4. Pray for wise leaders and just government.  (Proverbs 21:1; James 3:17; Proverbs 14:34; Mark 3:24; Isaiah 9:6-7)
  5. Pray for believers and salvation. (Isaiah 44:3-5; Jeremiah 31:31-34; Joel 2:28; Ephesians 3:16-19; Romans 11:25-27)

Longing to be reconciled

Recently, I have been struck by the inadequacy of many friendships. It’s not that I have encountered great bitterness, or hatred, just a superficiality masking a deep and crippling reality of isolation and rejection.

I have lived in London for the past seven years; one of the largest and most densely populated centres on the planet. But I have encountered far more who struggle with loneliness here than in the small provincial town where I grew up.

What’s the root here?

I think its mostly that we keep trying to get past the person in front of us. We’re so ‘connected’ that we’re actually disconnected from the moment. We can’t see what is here right now because we’re constantly trying to get what is a little bit further ahead.  We’re all together in the same place, but we’re not really together.

At the close of the film, Boyhood, the central character, having just arrived at college and taken an impromptu visit to a nearby desert area, sits on a small hill with another college student. She turns to him and says,

You know how everyone’s always saying seize the moment? I don’t know, I’m kind of thinking it’s the opposite. You know, like, the moment seizes us.

I was struck by this as being surprisingly profound. In the modern world we act like we own time and we are the ones holding our universe together.

The past few days, I have had Ephesians 1:10 bouncing round my brain.

…that in the dispensation of the FULLNESS of the times He might GATHER TOGETHER IN ONE ALL THINGS in Christ, both which are in heaven and which are on earth—in Him. (NKJV, emphasis added)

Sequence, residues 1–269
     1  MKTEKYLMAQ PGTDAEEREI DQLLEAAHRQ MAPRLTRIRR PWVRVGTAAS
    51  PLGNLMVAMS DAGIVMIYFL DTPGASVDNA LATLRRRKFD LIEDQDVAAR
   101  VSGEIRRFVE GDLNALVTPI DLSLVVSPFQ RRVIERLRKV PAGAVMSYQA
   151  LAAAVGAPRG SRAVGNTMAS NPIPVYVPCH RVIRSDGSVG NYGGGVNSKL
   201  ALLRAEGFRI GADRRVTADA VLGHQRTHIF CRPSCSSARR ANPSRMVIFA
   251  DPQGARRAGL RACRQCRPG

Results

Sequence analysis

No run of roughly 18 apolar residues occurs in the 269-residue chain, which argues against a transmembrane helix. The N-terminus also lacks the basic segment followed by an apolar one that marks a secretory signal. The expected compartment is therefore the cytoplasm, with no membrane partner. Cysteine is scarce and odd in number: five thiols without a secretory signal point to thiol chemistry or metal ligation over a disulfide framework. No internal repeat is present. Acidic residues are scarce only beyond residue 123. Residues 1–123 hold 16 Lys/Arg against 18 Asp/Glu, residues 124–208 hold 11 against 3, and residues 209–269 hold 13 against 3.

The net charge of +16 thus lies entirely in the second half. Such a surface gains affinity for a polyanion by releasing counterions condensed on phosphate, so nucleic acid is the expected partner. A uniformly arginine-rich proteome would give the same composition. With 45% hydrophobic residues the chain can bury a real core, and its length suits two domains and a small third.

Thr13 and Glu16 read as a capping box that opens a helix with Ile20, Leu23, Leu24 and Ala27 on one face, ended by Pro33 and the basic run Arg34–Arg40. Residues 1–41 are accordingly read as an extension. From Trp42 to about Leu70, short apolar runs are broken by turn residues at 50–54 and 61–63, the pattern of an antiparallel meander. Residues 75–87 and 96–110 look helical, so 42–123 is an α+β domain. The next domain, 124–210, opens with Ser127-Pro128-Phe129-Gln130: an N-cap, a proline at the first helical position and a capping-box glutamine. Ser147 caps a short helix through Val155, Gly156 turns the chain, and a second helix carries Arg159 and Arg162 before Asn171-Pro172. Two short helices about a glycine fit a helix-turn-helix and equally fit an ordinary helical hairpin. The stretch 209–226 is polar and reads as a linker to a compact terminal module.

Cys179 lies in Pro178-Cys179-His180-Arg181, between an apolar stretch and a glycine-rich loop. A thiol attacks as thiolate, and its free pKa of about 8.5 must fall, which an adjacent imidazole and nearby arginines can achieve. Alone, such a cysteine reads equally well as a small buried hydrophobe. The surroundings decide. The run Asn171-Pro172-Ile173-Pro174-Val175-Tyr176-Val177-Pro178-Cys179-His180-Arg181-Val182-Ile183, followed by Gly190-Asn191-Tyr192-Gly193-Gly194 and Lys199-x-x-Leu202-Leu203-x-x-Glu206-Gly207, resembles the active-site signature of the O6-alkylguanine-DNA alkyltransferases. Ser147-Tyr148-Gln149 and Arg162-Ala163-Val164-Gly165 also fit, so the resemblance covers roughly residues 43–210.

Jesus actually owns time, and he is using it to work out His purpose.  The psalmist said, my times are in Your hands; the prophet Daniel said God changes the times and the seasons.  In Greek, the word ‘fullness’, above, speaks of a maturity. Jesus is maturing time like a fine wine until all His purposes come to completion. Yet we treat time like something we can seal up in bottles and keep in the cupboard.

One of Jesus’ main purposes revealed in Ephesians 1:10 is to gather everything together to Himself. His heart longs for everything in this world that has become separated from Him to return to Him. No wonder so many feel separated and lonely. We refuse to yield to His order, which would actually include gathering us together, and we try to institute our own order in our lives.  To help myself grasp this, I put a note on my wall with the words,

I don’t seize time.  Time is God’s.  I let God seize me in time.

Why don’t you take 90 seconds right now, and consider what it would mean for you to let God seize you in every moment.

Colossians 1:17 says:

And He Himself existed before all things, and IN HIM all things consist (cohere, are HELD TOGETHER). (AMPLIFIED, emphasis added)

I’ve heard many Christians talk and pray about healing division in the Church, and the need for healing between the Church and the Jewish people.  I’m convinced it starts with surrender.  Many times, we don’t have rewarding relationships with those around us because we have neglected right relationship with our Creator.  If we genuinely surrender to God’s long-term purposes in our daily moments by loving the one in front of us and ‘practicing God’s presence’ in constant prayer, I’m convinced that we will begin to see the healing we are looking for; healing in our relationships with those around us, healing in the Church, and healing for the Jewish people.  It’s only in abiding in Christ, by the power of the Cross, that His purposes will be fulfilled in and through us.